Now optimism, growth and productivity are more in the spirit of The Economist – therefore they also read the three philosophers mentioned quite superficially. And that's why thinkers like Mill, de Tocqueville, Keynes, Berlin, Schumpeter, Popper, Hayek, Rawls and Nozick are mentioned in more positive order. 

I Revolutions in reverse David Graeber, for his part, insists that in a free, imaginative world, the goal must be more lived life, not a life where consumption, growth and work dominate everything. Looking at today's pragmatic anarchists, they also fight for individual freedom and a limited state like the liberals, but far more for the rights of minorities – in other words freedom og solidarity. 

The Economist,  recommend a new social contract for our time.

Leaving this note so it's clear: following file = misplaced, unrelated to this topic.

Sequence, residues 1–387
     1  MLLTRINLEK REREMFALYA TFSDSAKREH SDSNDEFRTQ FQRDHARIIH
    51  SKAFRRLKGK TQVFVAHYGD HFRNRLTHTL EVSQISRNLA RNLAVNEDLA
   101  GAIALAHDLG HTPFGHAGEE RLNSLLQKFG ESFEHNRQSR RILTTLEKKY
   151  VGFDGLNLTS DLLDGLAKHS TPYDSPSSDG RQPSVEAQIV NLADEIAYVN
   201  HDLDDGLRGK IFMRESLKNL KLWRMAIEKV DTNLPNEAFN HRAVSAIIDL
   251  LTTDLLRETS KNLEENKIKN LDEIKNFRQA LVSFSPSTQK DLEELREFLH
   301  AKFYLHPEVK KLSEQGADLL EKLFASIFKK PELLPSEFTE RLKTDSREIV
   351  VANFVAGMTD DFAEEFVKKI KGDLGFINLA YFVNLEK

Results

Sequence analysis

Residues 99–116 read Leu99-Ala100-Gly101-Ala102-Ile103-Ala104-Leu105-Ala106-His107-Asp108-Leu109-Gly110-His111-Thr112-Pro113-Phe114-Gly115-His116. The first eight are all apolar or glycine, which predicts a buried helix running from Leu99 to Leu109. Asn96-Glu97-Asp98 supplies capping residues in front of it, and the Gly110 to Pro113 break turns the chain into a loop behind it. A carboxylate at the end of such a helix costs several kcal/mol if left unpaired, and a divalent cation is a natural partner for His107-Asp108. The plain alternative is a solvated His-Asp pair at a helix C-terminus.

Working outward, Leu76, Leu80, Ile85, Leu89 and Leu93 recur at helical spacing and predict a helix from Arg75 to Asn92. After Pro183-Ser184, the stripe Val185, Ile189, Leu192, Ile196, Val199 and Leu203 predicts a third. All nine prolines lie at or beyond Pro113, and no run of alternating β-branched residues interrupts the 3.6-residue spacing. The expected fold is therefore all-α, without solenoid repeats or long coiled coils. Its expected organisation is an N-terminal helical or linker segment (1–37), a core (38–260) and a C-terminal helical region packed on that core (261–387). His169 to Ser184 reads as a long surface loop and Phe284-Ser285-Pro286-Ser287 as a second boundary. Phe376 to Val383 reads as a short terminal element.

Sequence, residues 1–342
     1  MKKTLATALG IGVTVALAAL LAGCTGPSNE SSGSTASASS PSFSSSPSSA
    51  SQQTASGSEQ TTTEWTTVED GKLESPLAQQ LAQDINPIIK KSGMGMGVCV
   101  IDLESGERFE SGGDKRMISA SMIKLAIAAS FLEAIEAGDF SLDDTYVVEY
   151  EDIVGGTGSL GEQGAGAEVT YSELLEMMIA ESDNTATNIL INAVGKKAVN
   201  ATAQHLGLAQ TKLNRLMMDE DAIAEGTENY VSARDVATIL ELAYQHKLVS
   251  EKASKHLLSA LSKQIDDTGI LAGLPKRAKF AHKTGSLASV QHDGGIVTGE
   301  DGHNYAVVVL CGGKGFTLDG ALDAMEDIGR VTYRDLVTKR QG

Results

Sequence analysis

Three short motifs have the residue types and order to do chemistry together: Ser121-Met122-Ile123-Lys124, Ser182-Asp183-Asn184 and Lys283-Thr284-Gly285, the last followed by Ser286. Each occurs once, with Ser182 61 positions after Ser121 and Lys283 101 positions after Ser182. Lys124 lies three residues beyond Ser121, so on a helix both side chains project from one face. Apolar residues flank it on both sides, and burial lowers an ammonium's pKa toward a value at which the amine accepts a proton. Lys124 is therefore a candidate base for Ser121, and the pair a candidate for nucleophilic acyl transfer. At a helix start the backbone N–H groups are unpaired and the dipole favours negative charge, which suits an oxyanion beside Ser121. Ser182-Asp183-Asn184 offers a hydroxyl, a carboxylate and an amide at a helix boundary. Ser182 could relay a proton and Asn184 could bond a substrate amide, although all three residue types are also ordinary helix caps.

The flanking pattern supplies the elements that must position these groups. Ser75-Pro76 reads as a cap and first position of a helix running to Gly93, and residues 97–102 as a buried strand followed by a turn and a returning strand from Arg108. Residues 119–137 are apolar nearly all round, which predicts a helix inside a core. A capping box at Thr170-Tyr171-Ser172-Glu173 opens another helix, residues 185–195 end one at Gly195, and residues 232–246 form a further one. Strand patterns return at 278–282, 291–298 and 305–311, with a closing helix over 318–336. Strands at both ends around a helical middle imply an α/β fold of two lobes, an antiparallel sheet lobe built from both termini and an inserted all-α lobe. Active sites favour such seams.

What does The Economist think about solidarity? For neoliberalists in general, the term is not particularly high in courses. Let me then reproduce what the weekly magazine recommends as a new social contract for our time: that refugees must be welcomed and given the right to education and health services, but otherwise manage themselves; housing must be regulated so that most people can afford it; prices must be reduced based on efficient production; people's freedom of choice must be upheld. They are critical of large, dominant companies. On the other hand, they do not consider automation a great danger, as new jobs will be created. A "liberal rethink of the welfare state starts with education," they write: Preschools should be given priority over universities, as human life is shaped early. Society must open up to lifelong learning. The Economist also wants pension to be a priority for those who need it most. Surprisingly, they take up universal citizen salaries, as many liberals believe that when people get to decide for themselves, it brings more growth and happiness. At this point, The Economist recommends a "negative tax" where those who earn less than a "minimum income" should receive compensation. Like the pension, this needs to be tested – rather than those who already have enough should receive more. The Economist demands that the rich pay wealth tax and moderate inheritance taxes. Finally, the Economist believes that unskilled workers should receive less tax, that housing tax should be added to land properties, and that the world must now receive strict carbon and environmental taxes. Would you have thought that all this would come from a liberal perspective?